The Media's Rules of Engagement for the Middle East
Robin Miller looks at some of the propaganda tactics used by the mainstream media to help shape public opinion and perceptions about the Israel/Palestine conflict.
The media plays a crucial role in fashioning Americans' attitudes toward the Middle East.
That role: to maintain a consensus supporting Israel.
According to a recent poll by the University of Maryland's Program on International Policy Attitudes, only one quarter of Americans know that a majority of countries are more sympathetic to the Palestinian position than to Israel's, and only one in three are aware that more Palestinians than Israelis have died in the conflict.
What are the rules that American mainstream media follow in order to produce these dramatic results?
Rule 1: See the Middle East through Israeli eyes
This is crucial. Slavishly following Israeli terminological dictates, the March 29, 2002, Israeli invasion of the West Bank – although devastating Palestinian civil infrastructure, demolishing whole swathes of cities and leaving 200 dead – was merely an "incursion." Israeli killings of Palestinian militants are "targeted killings" rather than assassinations, or, more accurate still, the work of death squads.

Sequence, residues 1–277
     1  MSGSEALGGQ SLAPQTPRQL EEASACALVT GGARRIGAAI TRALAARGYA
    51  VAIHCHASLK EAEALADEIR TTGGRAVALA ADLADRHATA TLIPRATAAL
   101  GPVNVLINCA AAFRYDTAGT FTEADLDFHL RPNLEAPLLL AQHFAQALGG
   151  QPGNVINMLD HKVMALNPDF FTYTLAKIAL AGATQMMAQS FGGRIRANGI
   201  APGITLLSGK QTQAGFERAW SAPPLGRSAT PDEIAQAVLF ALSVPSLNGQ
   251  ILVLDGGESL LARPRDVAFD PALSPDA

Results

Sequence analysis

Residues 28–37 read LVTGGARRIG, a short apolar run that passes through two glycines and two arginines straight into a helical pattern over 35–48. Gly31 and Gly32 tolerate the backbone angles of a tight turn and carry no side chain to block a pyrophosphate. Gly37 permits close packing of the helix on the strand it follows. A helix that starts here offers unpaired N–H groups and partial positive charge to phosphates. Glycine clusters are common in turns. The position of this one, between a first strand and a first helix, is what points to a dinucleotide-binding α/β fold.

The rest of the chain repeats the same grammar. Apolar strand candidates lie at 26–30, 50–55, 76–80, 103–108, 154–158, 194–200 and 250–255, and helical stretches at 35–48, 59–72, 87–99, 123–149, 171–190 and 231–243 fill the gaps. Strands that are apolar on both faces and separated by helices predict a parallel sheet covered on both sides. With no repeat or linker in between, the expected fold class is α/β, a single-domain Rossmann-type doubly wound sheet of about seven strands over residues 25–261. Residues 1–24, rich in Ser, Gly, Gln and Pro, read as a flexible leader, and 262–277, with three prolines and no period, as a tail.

A smaller-scale military operation is described as a "concentrated campaign against terrorism," a "rolling police action," or in any other fashion that cleaves to the Israeli perspective.
To maintain the fiction of the Palestinians as the aggressors, only Israel "retaliates."
Rule 2: Ignore the historical context
The Palestinians have been subject to 60 years of dispossession – since Israel booted them out upon its birth in 1948 – and 41 years of occupation of occupation, since the June 1967 war. These facts are basic to understanding the Palestinian position, yet they are almost never communicated.
The anger born of this decades-long repression is natural and legitimate (even when the manner of its expression is not), yet the Western media, at its most despicable, locates the basis of Palestinian resentment only in racial hatred. The San Francisco Chronicle tells readers that a suicide bomber's goal is "to kill Jews," while the Detroit Free Press finds in bombers "a hatred of Israel so powerful that they see Jews only as enemies who must die."
Rule 3: Avoid the fundamental legal and moral issues posed by the Israeli occupation
A half-dozen recent articles on Israeli settlements have appeared in mainstream media. None stated the undeniable fact that the settlements violate international law. All the stories focused on the settlers, portraying them as plucky pioneers, much like the mythology of the American West. The Palestinians play the role of Native Americans, crazed and ruthless killers from whom the settlers must protect themselves at all times.
Rule 4: Suppress or minimize news unfavorable to the Israelis
On May 1, 2002, Israeli forces killed eight Palestinians, including a baby and two small boys. The American media's reaction: total silence.
Eight Israeli deaths would have been front-page news.